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Ilham dari Bali English

In the beginning there were only words. These words then gathered into phrases. Thereafter they transformed into tales of life when things were still simple.
As they evolved, words metamorphosed into images. In accordance with their time, stories needed to be represented by forms that were tangible. Words then reincarnated as simple lines. These simple lines were carved on the walls of caves – telling tales of natural events. Animals, mountains and rivers proliferated, symbolized by these simple lines. In those days, words were not yet represented by figures of an alphabet. In those days mankind still saw reality through what they could touch, feel; actuality as related by the physical senses. Then mankind came to realize nature was their shelter, their protector. Nature became man’s friend.
Nonetheless, there were occasions when nature took its own course. There were times when mountains would belch dangerous fumes. Times when they coughed up phlegm. And it was not entirely unusual for them to behave as though they were possessed, spitting out curses and devastating fire. Not to be outdone, rivers and seas also often vented their anger, flooding and uprooting everything in their way – houses, forests, fields and anything else that was around. Clouds and skies showered the earth with flaming spears or pelted it with water. Nature could also be intimidating, could bring harm, and could even be wrathful when not befriended understood.
As mankind evolved, it began to ask questions regarding its essential nature. What differentiated it from other forms of life? Life experience and history eventually brought the understanding that human beings were basically spiritual beings. Mankind recognized that it belonged to the more simple forms of existence that were no match for the might of nature. Its mind could not reach the heights of the universe’s secrets. Man wondered: who could have the sustained power for all this? Mankind also needed protection, it needed a refuge that had the ability to protect – A being full of love that could pacify the fitful minds of mountains and slow the anger of rivers allowing them to flow fresh and clear; a being that provided shade for the earth and its inhabitants with loving hands that could brighten the darkness of the sky and extinguished the flashes of fire, replacing them with the fertility of the earth.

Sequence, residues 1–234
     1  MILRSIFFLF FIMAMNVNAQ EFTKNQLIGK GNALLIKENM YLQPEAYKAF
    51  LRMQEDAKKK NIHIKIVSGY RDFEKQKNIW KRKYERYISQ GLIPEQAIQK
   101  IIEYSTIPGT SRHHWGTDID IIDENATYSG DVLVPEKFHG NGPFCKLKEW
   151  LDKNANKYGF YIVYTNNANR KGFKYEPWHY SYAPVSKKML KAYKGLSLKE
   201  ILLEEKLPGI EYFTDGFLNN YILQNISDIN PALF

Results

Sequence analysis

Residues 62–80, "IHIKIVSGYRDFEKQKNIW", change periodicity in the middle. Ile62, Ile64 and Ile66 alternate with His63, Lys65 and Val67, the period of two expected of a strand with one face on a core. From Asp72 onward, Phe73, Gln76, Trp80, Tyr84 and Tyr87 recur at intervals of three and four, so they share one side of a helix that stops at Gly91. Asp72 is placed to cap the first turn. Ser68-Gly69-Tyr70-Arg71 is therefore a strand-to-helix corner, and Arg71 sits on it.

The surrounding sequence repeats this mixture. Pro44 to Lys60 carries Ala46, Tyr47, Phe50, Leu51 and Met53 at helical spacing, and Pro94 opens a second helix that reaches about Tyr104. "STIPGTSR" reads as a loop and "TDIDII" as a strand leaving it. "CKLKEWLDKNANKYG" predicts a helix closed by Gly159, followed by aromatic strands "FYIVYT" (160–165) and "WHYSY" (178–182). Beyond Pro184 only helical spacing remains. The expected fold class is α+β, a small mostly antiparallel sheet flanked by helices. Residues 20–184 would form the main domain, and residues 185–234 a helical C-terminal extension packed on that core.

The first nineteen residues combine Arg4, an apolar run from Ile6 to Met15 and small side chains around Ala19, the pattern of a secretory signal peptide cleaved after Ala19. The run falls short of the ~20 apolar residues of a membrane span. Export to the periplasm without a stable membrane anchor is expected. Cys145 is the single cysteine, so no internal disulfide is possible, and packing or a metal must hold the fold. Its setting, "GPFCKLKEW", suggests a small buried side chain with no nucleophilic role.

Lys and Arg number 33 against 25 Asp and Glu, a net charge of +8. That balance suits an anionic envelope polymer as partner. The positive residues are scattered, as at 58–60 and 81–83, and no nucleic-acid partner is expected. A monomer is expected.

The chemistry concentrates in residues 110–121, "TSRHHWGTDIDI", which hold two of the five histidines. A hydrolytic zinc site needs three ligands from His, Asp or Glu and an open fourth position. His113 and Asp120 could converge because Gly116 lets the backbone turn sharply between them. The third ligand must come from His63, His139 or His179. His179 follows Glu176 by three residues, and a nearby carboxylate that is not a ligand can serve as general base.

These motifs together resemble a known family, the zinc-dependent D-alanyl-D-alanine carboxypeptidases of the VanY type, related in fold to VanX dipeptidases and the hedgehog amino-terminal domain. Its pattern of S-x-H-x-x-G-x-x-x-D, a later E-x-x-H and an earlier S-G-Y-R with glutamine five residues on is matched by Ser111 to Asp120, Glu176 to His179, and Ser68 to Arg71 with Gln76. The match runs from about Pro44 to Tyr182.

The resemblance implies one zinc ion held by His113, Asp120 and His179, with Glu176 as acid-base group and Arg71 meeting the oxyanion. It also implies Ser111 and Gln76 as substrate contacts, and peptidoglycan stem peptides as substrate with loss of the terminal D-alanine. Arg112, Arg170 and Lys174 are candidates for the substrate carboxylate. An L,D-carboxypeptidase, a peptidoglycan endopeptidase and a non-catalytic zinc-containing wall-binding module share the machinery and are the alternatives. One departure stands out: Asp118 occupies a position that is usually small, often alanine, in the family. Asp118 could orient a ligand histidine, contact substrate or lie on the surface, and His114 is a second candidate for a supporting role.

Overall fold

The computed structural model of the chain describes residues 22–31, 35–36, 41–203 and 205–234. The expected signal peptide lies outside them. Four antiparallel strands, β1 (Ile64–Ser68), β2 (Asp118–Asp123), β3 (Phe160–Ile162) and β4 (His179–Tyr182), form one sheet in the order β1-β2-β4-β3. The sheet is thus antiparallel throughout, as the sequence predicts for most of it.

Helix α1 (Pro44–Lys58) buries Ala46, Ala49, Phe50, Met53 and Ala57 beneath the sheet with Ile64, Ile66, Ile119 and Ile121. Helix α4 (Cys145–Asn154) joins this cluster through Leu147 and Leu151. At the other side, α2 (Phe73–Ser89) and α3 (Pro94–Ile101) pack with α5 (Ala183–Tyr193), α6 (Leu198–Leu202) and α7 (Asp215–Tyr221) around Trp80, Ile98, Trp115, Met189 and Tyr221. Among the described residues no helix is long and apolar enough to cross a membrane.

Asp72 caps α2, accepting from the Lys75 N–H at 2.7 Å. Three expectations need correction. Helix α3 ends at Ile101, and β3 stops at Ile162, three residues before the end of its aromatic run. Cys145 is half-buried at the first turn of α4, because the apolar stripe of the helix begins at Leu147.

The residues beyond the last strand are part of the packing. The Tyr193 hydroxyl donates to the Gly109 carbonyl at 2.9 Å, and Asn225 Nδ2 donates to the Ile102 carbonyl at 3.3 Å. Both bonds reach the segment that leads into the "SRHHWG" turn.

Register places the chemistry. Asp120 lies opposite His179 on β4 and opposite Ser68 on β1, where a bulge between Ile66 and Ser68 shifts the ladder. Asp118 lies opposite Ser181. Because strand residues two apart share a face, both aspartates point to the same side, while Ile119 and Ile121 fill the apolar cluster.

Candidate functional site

All of this: nature, environment, and its Creator, were of a grandeur that could not to be expressed by mere words. The tongue was too dumb to celebrate this grandeur. The mind was not able to travel the vast expanse of the Creator’s secrets. Thus, mankind could only resort to the heart that allowed them to partake in this splendor. Mankind began to use feeling to capture the inspiration that is art.
The process of creating history begins with the dialogue of fellow countrymen. Individuals are drawn together to form groups, and the groups gather together to form societies. Societies become nations. These developments allow mankind to investigate its own history, and this leads to the understanding of its origins.
In the beginning, people lived together in peace in their mutual environment. However, once societies were exposed to other societies from different geographical and different cultures, they needed guidance and role models who were able to show them the way, who were able to teach them how to best conduct themselves as social beings; who were able to make evident what could best be safely relied on.
And when it came to the need of guidelines for the story, these guidelines also needed to be coded – through some means of replication of the story that allowed it to be referred back to and that could be a source of inspiration and knowledge.